Our guide explained that cochineal insects lived on the prickly pears and caused the destruction. She squashed some of the white fluff and a crimson "goo" immediately appeared. Cochineal? Yes indeed, cochineal, the red dye often used in food such as sausages and yoghurt and also in cosmetic products such as lipsticks and blushes. Yuk, not a very appetising thought.
Cochineal, also known as carminic acid, is a chemical extract obtained from the bodies of tiny scale insects, about the size of a pin head, which live on the prickly pears.The dye is thought to protect the insects from predators such as ants. It takes about 60000 insects to make one pound of dye.
The scale insects produce a protective layer of white wax. The females are wingless and do not move around, they slip their beak-like mouth parts into the paddle and feed on the prickly pear sap. They give birth to nymphs which produce long wax filaments. The wind catches these filaments and carries the nymphs to new host plants where they form a new colony and wreak further havoc.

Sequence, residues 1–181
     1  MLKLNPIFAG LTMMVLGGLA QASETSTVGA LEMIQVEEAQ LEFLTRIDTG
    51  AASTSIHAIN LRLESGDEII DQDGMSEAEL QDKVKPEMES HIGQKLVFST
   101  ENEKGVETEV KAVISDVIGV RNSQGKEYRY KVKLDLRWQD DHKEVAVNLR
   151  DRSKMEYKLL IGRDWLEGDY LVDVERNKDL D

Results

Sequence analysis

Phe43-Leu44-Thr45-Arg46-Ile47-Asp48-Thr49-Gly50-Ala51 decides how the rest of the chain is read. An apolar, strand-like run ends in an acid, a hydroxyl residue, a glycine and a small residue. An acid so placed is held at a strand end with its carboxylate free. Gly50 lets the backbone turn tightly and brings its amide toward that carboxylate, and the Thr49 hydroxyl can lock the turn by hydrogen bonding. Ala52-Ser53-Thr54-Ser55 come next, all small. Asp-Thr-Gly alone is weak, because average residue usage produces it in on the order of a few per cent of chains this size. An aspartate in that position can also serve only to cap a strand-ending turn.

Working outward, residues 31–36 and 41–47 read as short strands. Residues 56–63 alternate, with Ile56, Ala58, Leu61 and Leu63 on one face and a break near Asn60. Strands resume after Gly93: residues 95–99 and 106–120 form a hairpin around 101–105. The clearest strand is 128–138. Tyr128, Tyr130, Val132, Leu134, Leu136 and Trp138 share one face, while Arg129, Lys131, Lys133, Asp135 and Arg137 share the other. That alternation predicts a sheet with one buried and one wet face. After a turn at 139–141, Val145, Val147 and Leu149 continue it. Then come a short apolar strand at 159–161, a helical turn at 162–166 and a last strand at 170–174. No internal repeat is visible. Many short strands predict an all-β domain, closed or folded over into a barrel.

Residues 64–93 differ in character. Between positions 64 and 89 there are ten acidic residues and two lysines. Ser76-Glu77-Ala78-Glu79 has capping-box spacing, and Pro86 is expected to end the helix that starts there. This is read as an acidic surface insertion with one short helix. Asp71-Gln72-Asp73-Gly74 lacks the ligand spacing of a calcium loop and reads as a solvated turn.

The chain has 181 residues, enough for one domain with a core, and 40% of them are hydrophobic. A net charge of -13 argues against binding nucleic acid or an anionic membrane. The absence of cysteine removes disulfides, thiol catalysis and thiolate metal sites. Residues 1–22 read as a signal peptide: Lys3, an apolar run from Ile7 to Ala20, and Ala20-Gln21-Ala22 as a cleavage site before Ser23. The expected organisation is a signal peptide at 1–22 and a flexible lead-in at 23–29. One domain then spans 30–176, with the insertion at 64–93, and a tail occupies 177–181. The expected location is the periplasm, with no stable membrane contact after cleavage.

Whoever would have thought such a tiny insect could cause such destruction and produce a dye that is widely used in food and cosmetics? I, for one, didn't.